6 December 2022
12:37 (Finborough Theatre) Review
The title here refers to the time of day on July 22nd in 1946 when the King David Hotel is Jerusalem was bombed by right-wing Zionists, killing and injuring just shy of 150 people. Whilst the explosion marked a turning point in the relationship of the main characters, I thought there were more interesting moments that could’ve lent themselves better to the title.
All the same, Act I of the play centres on two brothers who are young Irish Jewish doctors: brooding charmer Paul (Alex Cartuson) and goofy joker Cecil (Eoin O’Dubhghaill). They live with their mother Minnie (Ruth Lass) who will not allow Paul to marry his girlfriend Eileen (Lisa O’Connor) because she is not Jewish (though Eileen’s father won’t stand for this marriage either on account of Paul being Jewish). There are various subplots and what not, but this is the crux of things. Eventually Minnie moves the family to London in an attempt, in part, to separate Paul and Eileen. The lads get introduced to their cousin Rina (also O’Connor) who they both have the hots for, but can’t figure out if she likes either of them.
All of this could’ve been tied up with a nice little bow pretty quickly, but the play drags on seemingly to give everyone a bit of a back story and character development, but the production doesn’t appear to benefit from it. Yes, Minnie wants a bit of happiness in her middle age. Yes, Paul is cross because he chose family obligation over love. Yes, Cecil is also cross because everyone seems to like him less than Paul. So what? It’s not good enough to be a story about family suffering, let along the suffering of Jews in the 1920-30s England and Ireland. The entire Act I feels like a never-ending prequel to the actual story to come in the next act. You feel every minute on the clock, and the only highlight of it all is brilliant dancing from O’Connor. In general, she is probably the strongest character here, happy and sad simultaneously. Cartuson and O’Dubhghaill look like they’re trying a bit too hard, and Lass is pretty wooden.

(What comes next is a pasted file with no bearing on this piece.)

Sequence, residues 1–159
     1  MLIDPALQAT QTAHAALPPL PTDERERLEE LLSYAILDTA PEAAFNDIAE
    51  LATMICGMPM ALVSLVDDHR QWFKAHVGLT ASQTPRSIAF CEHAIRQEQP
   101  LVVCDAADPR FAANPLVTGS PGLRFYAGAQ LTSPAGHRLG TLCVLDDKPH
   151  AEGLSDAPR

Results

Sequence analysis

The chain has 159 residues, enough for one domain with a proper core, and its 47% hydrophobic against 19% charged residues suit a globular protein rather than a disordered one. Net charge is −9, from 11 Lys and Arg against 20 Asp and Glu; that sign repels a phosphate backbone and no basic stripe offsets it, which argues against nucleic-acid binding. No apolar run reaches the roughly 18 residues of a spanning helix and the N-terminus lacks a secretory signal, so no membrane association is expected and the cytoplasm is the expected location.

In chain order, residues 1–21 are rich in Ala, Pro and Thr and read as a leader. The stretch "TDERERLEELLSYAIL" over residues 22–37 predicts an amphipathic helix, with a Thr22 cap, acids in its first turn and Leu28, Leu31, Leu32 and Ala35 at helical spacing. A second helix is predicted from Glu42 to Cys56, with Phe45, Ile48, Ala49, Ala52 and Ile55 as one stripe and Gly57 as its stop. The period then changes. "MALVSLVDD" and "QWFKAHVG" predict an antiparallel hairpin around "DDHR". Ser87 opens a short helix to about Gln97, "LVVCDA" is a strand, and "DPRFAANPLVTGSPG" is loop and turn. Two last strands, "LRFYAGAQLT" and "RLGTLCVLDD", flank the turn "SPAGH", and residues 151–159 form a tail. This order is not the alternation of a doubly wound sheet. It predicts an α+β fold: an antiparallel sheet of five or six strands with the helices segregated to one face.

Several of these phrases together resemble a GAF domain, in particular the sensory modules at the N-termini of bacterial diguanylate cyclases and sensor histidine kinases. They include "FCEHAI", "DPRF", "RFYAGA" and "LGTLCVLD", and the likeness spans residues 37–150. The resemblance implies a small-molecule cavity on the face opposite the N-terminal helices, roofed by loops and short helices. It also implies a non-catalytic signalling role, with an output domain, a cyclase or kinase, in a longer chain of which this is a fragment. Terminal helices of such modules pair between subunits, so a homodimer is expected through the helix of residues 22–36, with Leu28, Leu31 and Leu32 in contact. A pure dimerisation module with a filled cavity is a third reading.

Act II switches to the brothers Green living in Israel after World War II, with Paul having gotten there by fighting for the Brits in the RAF, and Cecil being a singer who entertains the troops. Rina also turns up in Israel, having survived a concentration camp, now looking to get involved in a political movement and with either or both of the brothers. Enter a perplexingly obvious sex scene and some of the cringiest “intimate” dialogue I’ve ever heard. Seriously: EVER. The fact that Julia Pascal is both the writer and the director here might explain why this wasn’t tweaked in any way. I think I did a pretty good job not laughing out loud in what I can only assume was envisioned as a tender moment, but good grief, the language was so awkward… O’Connor’s Eastern European accent as Rina was fading in and out, which made it pretty distracting.
Lass doubled as Paul’s Zionist compatriot and was largely a non-entity in Act II. Danann McAleer rounded off the cast with an assortment of minor male roles in both acts. Everyone does a reasonable job of making the best of the text, but the play fails them in so many ways, the biggest one is that the whole thing is pointless.
Finborough prides itself on staging interesting kinds of plays: nothing about middle class angst. And yet, this is a play about two brothers with a bit of rivalry between them, then one isn’t allowed to marry the girl he loves, so he storms off in a huff, then both of them fall for the same girl who has both of them wrapped around her little finger, and it ultimately ends badly for one of them. The fact that it takes place before/after WWII or that they’re Jewish is completely irrelevant to the plot. This can be transplanted to modern day America, and very little text would have to be changed. So what’s so innovative about this play?
Cheapskate enjoyment value: -£5.
Bonus: The play is about two Jewish brothers and, later, Jews in Mandatory Palestine. Some guy tried to get into the auditorium with a full-size flag of Palestine on a 6- or 7-foot flagstaff. One has to wonder what the man was thinking… When he couldn’t take it to his seat, he tried propping it up against the set and seemed rather surprised when the ushers told them he couldn’t do that either. In the end the box office or the ushers held it for him outside the auditorium, but really… The mind boggles…